Drawing: Geoffrey Rush in King Lear

Geoffrey Rush

One of my favourite films is SHINE in which Geoffrey Rush won a truck-load of awards, including the Academy Award for his portrayal of pianist David Helfgott in 1997. He’s one of the few people to have collected the ‘Triple Crown of Acting’ – an Oscar, Emmy and a Tony – covering the big screen, small screen and the stage’s highest accolades. But, Geoffrey was in no rush (sorry) to take to the big screen. A ‘late bloomer’ who was 44 before embarking on his movie career. He’s has made up for it since. “I’m a stage actor, I was rolling along in theatre and having a good time. Movies was not where I was heading”.  Then his career turned a sudden corner with SHINE and, as he put it, “over indulged in cinema” and dropped out of theatre for a decade.

That all changed after a chance meeting with celebrated British director Stephen Daldry, who rekindled his theatrical roots. Having played the Fool twice in a 30 year journey with  Shakespeare’s KING LEAR, Geoffrey finally takes on the title role in the Sydney Theatre  Company’s production directed by long-time friend and collaborator Neil Armfield. It is “the greatest play in the English language, certainly Shakespeare’s greatest achievement,” Geoffrey said.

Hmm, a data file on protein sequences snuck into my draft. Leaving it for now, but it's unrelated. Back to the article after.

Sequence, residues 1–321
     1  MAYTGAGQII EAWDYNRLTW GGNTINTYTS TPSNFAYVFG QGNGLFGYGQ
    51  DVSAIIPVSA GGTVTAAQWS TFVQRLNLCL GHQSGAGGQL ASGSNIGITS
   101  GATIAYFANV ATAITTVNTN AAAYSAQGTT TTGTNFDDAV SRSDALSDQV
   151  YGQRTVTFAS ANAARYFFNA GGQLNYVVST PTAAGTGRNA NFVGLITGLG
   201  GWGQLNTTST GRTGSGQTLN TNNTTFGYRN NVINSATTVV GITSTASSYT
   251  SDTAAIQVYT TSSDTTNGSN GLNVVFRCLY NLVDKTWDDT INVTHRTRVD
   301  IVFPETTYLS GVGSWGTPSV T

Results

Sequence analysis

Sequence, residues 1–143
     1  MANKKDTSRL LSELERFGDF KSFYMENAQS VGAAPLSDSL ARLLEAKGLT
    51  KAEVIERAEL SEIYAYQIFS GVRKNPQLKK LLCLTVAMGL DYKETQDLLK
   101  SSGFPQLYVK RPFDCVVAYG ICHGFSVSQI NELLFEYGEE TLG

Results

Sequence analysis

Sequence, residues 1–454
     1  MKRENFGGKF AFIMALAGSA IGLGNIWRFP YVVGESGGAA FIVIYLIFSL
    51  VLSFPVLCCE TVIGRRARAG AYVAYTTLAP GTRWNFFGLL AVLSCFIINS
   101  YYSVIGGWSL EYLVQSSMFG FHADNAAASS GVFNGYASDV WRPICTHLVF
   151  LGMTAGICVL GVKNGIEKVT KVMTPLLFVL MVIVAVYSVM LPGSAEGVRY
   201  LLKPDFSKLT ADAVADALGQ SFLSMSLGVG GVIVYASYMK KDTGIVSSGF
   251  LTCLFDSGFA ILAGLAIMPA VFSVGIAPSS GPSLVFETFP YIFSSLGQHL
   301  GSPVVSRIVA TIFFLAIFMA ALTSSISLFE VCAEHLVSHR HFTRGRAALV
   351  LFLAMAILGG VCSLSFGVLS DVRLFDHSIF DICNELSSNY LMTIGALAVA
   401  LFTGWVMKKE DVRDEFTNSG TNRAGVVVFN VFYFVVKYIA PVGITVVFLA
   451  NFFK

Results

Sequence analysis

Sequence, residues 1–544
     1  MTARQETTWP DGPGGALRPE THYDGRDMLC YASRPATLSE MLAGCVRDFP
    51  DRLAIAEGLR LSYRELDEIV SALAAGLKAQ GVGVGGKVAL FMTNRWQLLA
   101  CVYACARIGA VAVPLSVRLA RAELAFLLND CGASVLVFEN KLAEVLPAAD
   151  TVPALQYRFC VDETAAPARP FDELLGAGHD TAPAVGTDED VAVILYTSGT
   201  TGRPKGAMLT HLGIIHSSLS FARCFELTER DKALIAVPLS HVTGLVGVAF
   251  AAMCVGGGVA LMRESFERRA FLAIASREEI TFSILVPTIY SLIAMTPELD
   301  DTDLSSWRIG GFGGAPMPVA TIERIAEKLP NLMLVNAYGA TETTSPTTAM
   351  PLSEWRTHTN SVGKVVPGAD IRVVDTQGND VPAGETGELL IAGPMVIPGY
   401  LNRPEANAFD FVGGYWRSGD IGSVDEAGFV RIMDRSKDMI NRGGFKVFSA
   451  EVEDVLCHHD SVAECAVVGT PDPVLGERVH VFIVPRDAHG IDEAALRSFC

“Capturing characters whose estimation of themselves is completely out of step with reality is Rush’s metier. He does good self-delusion, particularly because he has within his Arsenal the vulnerability and anguish of someone when their delusions are punctured,” wrote Dee Jefferson in TimeOut.

I did this montage of Geoffrey expressing Lear’s pathos as the ‘wonderfully pathetic ex-King,” and mailed it to him in Australia. I noticed that there is my namesake, another ‘Mark Winter’ in the cast. Mark Leonard Winter plays Edgar, described in Dee’s four-star review as ” thrillingly on the verge… who appears to have gone mad in the process of going mad,” – a state I am familiar with, collecting signed sketches has its drawbacks. Maybe Geoffrey thought it was his fellow thespian, taking up his 4B pencil in a moment of admiration and gladly complied with the signing request, before realising that it was the ‘other’ Mark Winter. Returning it to the UK may have been a giveaway. Maybe not.

KING LEAR finishes tomorrow at the Roslyn Packer Theatre in Sydney.

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